A man who fatally stabbed his foster daughter at their Lower Hutt home has been sentenced to life imprisonment and will spend at least 16 years behind bars.
Paul Keith Skipper was sentenced in the High Court in Wellington before Justice Clark today.
His victim, 17-year-old Te Awhiahua Toko, suffered three stab wounds in an attack in her home in April and died two days later in Wellington Hospital.
During the sentencing, Skipper read a letter to Ms Toko's family and friends, apologising for taking her life.
In the days leading up to the attack, Ms Toko had told people she did not feel safe around Skipper and she had decided to spend some time staying with her boyfriend at his parents' home.
On 17 April, while she was packing up some clothes to take with her, Skipper grabbed a boning knife from the kitchen and struck her with it, once in her neck and twice in her chest.
She later died in hospital.
Several people, including her boyfriend and his parents, witnessed the attack.
In his letter Skipper said Ms Toko was loved by those who knew her, and he extinguished that light.
He said he had no understanding or explanation for his actions.
"She deserved to loved and be cared for and enjoy a long life. [That's] the only thing I can offer back to you because even now I have no understanding or explanation for the why. Altogether we raised a beautiful young lady and I'm sorry I hurt you all."
But Justice Clark said there was a degree of pre-meditation to the attack because Skipper waited until the other adults had left the house then locked the door, isolating Ms Toko from their protection.
"The attack was brutal and cruel. You cut [her] throat, then stabbed her twice in the chest and the violence only stopped when others intervened. She effectively bled to death notwithstanding medical intervention."
VIDEO: Watch Teisha Paratene, the mother of Te Awhiahua Toko, speak outside the High Court after the sentencing:
In a victim impact statement, Ms Toko's eldest sister, Melissa Toko, said Ms Toko had grown into an awesome role model.
"She was a community worker, a model, and had lots of opportunities. Her upbringing was not kind to her but I knew she would be the one out of all of us who would break free from that lifestyle. Everything since her death hurts so bad."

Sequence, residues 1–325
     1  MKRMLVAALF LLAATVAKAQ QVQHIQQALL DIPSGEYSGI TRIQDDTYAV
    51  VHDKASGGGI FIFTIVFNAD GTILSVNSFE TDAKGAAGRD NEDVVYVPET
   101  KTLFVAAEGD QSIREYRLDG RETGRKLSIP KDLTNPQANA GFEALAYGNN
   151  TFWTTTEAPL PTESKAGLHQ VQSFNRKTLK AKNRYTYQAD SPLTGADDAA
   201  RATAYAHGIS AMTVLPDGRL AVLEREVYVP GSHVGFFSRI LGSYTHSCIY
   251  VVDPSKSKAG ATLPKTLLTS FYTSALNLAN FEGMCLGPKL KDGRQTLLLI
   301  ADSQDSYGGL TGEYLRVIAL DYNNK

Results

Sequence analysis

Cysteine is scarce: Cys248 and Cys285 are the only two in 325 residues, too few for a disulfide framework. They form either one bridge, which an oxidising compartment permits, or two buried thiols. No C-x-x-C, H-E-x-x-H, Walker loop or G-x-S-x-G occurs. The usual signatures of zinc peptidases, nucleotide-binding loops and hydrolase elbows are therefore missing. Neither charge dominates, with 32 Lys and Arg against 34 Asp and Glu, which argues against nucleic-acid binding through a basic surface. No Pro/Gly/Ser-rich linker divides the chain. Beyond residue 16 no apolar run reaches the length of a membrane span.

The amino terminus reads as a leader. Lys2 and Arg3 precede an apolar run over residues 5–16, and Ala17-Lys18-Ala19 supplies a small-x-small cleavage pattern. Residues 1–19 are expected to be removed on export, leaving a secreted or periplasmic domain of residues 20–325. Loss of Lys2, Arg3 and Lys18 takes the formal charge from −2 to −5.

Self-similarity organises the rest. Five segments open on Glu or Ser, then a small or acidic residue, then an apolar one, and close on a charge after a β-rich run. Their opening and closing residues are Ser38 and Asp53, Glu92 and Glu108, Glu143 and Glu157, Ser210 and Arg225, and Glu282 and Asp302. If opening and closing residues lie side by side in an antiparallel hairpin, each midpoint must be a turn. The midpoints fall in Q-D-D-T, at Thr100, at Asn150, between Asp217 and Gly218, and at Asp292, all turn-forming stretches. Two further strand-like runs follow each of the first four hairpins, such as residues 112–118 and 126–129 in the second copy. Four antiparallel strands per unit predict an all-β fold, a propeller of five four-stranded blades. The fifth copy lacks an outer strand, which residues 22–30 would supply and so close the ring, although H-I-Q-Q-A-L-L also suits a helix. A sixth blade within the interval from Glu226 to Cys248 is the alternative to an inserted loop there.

A statement from Ms Toko's boyfriend, Nathaniel Gonzalez, was read to the court by his father, Matthew Gonzalez.
Mr Gonzalez said he often questioned his own actions on the day she died.
"What if I'd been faster or stronger? Could I have then protected her? We were so close to starting our adult lives together and to achieving her dreams. I miss her dearly."
Defence lawyer Quentin Duff said his client had pleaded guilty at the earliest opportunity and he and his partner had taken in other family members, as well as Ms Toko.
"He shouldered responsibility for caring for Awhi for the last eight years and though he has completely contradicted that love with this act, he ... did love her."
Justice Clark said in recent years Skipper had becoming increasingly possessive and overbearing, especially about Ms Toko having boyfriends.
She said he had also twice physically assaulted the young woman, the first time because she did not answer him.
"You punched and slapped her on the back and only stopped when a family member intervened and pulled you away."
Justice Clark said the second assault occurred in 2015 and Skipper was angry because the teen had received texts from her friends.
"There was an argument and you punched her as she lay on floor of her bedroom. [That] assault continued until a family member intervened."
Justice Clark gave Skipper a one-year sentence discount to recognise his early guilty plea and the fact he was a first time offender.